Knight and Squire TPB (DC Comics – $14.99): Right, this trade paperback collects the entire six issue Knight and Squire mini-series written by Paul Cornell and art by Jimmy Broxton. I was a big fan of the mini, so it’s no surprise that the collection would end of here on The GoD List in my section. Knight and Squire, Squire specifically, are two characters I absolutely love, but we have seen much of them that wasn’t written by Grant Morrison, so this was definitely a nice change of pace. Cornell and Broxton had a great task in front of them to, in essence, create the landscape on the British leg of the DC Universe. And they did an ace job. Everything I know about British culture, I learned from this book. Granted, I don’t know a lot. And what I do know makes England sound like the greatest place on Earth. I mean, pretty much everyone over there is either a superhero or a supervillain! I mean, you could have the profession of delivering milk to people’s houses, and you could still be a supervillain! How great is that!? And they’re all is polite! That’s so awesome, innit?! Anyway, that’s all I know about Great Britain. So, stop arsing around and go get this book! It’s a fun book about British heroes! Cheers!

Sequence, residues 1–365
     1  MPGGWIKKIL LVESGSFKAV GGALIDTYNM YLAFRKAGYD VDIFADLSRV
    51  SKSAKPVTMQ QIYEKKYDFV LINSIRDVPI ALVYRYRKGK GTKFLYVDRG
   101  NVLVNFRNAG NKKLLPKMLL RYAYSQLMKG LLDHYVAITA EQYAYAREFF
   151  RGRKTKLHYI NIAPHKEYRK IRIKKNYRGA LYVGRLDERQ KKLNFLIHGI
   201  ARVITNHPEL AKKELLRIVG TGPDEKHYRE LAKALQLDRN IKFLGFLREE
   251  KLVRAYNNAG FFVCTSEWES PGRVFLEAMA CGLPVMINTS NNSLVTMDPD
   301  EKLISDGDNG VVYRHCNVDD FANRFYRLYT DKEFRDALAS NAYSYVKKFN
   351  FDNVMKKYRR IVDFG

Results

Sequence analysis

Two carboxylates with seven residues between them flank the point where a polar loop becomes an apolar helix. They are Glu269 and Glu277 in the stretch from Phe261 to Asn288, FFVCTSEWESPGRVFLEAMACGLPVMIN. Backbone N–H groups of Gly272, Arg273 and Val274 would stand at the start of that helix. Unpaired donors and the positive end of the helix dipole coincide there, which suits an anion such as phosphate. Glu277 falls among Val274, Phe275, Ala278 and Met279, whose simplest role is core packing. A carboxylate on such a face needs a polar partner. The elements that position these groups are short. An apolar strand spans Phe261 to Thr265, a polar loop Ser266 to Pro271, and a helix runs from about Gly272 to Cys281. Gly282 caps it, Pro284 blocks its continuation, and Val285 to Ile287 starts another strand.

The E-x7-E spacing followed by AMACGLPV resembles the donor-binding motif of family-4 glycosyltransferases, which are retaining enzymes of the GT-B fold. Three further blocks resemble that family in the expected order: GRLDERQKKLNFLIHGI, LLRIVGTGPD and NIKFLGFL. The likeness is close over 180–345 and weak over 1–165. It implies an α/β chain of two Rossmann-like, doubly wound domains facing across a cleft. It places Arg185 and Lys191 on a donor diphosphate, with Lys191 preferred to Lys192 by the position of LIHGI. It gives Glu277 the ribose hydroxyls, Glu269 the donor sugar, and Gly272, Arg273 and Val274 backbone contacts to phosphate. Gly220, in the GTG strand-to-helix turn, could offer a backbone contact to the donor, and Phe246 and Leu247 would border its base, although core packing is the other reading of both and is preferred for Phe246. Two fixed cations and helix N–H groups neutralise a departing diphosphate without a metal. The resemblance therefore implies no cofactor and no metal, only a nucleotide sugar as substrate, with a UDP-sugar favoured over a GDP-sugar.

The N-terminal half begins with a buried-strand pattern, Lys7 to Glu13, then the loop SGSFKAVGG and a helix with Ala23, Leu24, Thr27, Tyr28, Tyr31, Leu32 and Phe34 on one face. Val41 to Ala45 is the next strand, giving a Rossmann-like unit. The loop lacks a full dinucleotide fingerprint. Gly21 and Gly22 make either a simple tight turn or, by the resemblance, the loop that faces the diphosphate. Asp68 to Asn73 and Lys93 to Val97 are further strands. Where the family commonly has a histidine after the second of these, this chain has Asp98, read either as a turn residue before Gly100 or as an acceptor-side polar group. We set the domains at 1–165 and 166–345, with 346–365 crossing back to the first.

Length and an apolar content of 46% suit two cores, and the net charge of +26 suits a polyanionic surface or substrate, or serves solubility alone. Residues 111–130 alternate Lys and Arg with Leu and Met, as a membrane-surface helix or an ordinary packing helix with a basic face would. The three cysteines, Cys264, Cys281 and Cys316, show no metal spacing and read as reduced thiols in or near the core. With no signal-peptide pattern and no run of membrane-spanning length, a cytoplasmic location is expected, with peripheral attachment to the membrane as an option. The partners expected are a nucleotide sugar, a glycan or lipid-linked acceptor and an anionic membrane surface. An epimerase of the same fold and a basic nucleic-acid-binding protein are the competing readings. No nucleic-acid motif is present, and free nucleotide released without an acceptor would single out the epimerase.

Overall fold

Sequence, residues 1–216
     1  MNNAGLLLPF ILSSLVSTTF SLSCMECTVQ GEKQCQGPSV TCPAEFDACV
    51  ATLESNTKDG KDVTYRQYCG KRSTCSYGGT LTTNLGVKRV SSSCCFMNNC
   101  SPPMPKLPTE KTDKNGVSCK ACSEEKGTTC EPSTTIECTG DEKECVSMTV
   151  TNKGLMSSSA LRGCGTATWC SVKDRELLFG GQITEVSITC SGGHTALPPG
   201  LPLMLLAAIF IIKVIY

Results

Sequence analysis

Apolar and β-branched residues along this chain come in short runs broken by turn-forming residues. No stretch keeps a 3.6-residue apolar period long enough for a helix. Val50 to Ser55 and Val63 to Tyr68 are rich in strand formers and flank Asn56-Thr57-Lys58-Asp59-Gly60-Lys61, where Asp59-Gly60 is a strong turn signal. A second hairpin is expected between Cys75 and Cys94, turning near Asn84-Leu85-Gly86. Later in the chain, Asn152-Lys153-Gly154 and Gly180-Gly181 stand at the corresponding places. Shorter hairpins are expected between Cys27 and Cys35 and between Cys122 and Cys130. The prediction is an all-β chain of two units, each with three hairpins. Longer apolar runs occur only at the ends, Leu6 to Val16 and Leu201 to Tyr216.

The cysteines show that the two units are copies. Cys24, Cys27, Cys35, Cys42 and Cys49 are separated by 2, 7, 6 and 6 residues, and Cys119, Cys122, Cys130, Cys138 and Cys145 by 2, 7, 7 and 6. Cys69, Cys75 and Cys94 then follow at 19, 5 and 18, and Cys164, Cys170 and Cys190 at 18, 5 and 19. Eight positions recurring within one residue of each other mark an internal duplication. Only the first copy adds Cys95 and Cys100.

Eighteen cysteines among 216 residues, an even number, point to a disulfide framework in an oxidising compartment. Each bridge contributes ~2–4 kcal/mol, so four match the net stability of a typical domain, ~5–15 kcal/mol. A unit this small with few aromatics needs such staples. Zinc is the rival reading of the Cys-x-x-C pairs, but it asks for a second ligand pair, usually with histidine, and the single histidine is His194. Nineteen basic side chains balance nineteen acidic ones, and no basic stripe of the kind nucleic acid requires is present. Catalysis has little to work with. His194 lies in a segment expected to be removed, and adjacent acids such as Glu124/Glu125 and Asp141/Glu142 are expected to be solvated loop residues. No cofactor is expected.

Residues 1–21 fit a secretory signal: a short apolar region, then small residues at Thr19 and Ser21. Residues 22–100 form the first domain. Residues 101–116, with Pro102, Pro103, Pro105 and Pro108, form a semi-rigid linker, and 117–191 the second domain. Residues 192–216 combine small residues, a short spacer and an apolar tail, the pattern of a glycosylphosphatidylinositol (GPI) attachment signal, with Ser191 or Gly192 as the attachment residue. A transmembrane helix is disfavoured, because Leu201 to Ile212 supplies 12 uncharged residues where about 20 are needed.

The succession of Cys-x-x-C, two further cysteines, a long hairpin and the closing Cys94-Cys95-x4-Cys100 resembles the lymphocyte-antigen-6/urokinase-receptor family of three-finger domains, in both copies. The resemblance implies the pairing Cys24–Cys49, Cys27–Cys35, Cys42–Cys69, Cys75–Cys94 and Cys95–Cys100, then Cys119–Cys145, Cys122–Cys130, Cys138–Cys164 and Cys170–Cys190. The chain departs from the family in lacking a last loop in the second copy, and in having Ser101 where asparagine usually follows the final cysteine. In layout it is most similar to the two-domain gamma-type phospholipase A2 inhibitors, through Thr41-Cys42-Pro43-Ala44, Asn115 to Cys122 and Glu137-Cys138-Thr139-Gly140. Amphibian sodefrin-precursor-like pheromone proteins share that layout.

Avengers Children’s Crusade #6 (of 9) (Marvel Comics – $3.99): First on the card today is the next issue in Allen Heinberg and Jim Cheung’s follow up to Young Avengers. I’ve loved the series so far, largely on the strength of Cheung’s pencils, which has been the real draw here. Cheung has some of the smoothest line work in comics today and his pages are never oversold. The angle in this series has been the return of the Scarlett Witch, who regained all of her facilities in the last issue. She’s was almost married to Dr. Doom, so we’re still left to wonder if she is going to make the turn from heel to face, or possibly go from face to heel, depending on how the other characters in the book feel about her. My only problem with the series has been the bi-monthly shipping schedule, but at least they have stuck to that schedule. Cheung’s art is worth the wait.